The budget from the eyes of a Woman and an Entrepreneur

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As I sat in the soundproof newsroom of TV18’s studio, listening intently to Finance Minister Arun Jaitley’s presentation of the Union Budget 2017, I was struck by how “corporate” he sounded. His talk was extremely well-researched (ever heard any other FM providing data points on exactly how many tax-payers were in each slab of income tax??), his budget paper was well-structured (describing the 10-point presentation) and he came across as someone cool and confident (laughing genially even when interrupted by Mallikarjun Kharge’s comments). His boss sat poker faced and watchful.

I liked what this budget outlined for the most part. It is what I call a ‘safe’ budget, not too brash in its populism and neither too dry or uninspiring. Here are my key takes:

  1. Women are a key focus area

The FM and the PM seem to agree that women are a decided focus, not just as a demographic segment, but probably also as a key voter base. There were at least half a dozen outlays that were either directly addressed at women or included women (500 Mahila Shakti Kendras, allocation of houses primarily in the name of women, MNREGA allocation for women, Stand-Up India scheme, Swayam platform, et al). While it irked the feminist in me that on at least 3 occasions the FM included Women under ‘vulnerable’ or along with ‘underprivileged’ or while referring to ‘weaker’ sections of the society, I am happy that he recognizes the need for empowerment of women.

  1. Tax reduction will increase employment for all, especially women

MSMEs with revenues of lesser than 50 crores will now pay 5% less tax. Is 5% a lot? For a country, yes, it is (I was actually getting worried where the FM will find all the money for all his various allocations if he was giving a 5% discount as well). For the individual company too, it is a reasonable amount. An MSME company that does a turnover of, say Rs. 5 crores per annum, with a reasonable income of about 50 lakhs per annum, will now have a surplus of Rs. 2.5 lakhs. That is a good amount to invest in business development, marketing spends, recruitment, a small social media campaign, et al. It is also sufficient to employ part-time or flexible-working women. The Personal Income Tax sops were a non-starter and I was not impressed by the 5% tax for the entry level. (I was reminded of the old Joker adage – “never do it for free”)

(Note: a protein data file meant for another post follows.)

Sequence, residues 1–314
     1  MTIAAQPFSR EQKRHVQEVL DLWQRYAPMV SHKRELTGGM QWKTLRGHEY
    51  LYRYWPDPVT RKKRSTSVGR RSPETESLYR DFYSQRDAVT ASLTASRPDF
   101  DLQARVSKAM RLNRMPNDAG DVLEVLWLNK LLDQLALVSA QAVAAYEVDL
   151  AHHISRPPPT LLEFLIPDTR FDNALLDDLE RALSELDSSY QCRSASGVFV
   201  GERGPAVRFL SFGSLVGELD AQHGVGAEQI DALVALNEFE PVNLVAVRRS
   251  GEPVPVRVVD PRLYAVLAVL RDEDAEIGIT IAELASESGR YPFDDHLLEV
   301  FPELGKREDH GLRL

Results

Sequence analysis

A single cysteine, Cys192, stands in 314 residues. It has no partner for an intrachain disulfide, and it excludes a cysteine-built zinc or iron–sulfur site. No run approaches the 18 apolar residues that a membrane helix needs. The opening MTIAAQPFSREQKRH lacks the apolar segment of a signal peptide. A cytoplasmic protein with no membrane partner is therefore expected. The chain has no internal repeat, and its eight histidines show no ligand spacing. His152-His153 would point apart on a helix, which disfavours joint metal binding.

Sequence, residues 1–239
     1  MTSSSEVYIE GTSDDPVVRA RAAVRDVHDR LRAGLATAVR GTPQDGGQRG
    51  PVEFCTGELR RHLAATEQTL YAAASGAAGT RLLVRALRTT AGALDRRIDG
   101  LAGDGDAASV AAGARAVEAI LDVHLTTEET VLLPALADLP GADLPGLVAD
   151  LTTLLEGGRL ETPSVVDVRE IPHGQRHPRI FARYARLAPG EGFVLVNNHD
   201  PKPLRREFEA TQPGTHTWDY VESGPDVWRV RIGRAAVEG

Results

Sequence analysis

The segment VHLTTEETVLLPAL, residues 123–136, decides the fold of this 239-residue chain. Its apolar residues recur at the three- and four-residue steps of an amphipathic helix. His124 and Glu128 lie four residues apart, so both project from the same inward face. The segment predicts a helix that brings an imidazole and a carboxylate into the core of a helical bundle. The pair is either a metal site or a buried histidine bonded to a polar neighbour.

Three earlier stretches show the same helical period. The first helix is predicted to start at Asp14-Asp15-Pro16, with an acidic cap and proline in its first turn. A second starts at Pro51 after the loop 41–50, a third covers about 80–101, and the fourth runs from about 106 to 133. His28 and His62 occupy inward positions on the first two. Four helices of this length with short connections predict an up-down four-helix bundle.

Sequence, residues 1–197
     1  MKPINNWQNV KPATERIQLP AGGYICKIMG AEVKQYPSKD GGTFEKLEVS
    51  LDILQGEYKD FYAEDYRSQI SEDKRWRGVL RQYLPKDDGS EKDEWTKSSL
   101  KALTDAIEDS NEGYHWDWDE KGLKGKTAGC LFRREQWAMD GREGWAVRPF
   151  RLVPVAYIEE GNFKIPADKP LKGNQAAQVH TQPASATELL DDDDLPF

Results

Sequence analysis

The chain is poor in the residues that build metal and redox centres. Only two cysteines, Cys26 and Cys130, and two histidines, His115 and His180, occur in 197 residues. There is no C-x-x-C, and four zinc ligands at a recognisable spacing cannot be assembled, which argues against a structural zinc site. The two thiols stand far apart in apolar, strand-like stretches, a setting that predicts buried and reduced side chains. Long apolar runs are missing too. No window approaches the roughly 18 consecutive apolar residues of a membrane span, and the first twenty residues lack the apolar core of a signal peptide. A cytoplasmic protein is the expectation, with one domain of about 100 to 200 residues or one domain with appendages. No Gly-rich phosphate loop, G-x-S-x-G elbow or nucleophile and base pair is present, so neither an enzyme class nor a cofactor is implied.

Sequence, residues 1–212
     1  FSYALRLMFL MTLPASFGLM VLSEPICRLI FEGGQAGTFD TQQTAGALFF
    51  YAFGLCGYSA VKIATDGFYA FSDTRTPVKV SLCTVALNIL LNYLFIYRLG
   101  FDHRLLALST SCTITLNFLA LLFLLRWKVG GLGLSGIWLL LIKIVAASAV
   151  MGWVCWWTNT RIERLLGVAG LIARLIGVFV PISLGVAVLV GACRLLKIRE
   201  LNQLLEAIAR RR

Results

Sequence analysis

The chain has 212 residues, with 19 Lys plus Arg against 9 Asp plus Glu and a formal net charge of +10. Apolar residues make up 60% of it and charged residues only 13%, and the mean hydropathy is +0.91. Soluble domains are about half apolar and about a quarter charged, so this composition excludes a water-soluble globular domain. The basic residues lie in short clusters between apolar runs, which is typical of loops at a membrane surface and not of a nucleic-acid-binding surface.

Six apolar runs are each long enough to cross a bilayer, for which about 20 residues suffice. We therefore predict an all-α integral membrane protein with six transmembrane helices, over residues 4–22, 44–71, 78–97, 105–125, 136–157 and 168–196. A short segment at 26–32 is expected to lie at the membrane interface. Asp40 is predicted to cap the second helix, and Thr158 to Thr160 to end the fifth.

1. Inclusion is very evident

Senior Citizens, Rural youth, Young Mothers, Underprivileged women, Persons with Disability – the FM touched all these different strands of Diversity! Union Budget 2017-18 sounded more inclusive than most budgets. I particularly liked the fact that all railway stations would become PWD friendly with escalators and elevators. I also appreciated the fact that the new Model Shops and Establishments Bill will be drafted which will allow greater women’s workforce participation

When the post-budget LIVE panel discussion began at TV18’s studio, I noticed how different the voices were – unsatisfied railway unions who believed that they deserved a budget all for themselves, unhappy farmers who were let down by the fact that the FM did not even mention the lakhs of suicides, economists who felt that this was a pretty budget but not a transformational one and CA’s who were delighted with the simple one-page IT declaration form. To me, it is a decent budget. It has something beneficial for everyone (except of course the super-rich who will pay with an added surcharge) and is built by a confident government who knows that the majority is reasonably satisfied with their performance till date.

I have just one thing to say – the devil is in the details. Traditionally, budget allocations have always been headline grabbers, but actual spends and the results are often buried in a small paragraph on Page 16. I would like to see how the intent manifests itself. Just like we did in the Working Mother and AVTAR Best Companies initiative, I would like to assess this budget, not on the basis of the announced policies, but on how well it was implemented, how well audited and monitored and how many millions it impacted. We have an opportunity to lead the world not just in GDP but also in Inclusion and I would love to see that this budget lays the foundation for that growth.

Author: Dr. Saundarya Rajesh

Founder - President, AVTAR Group, SME on Diversity & Inclusion and Women's Workforce Participation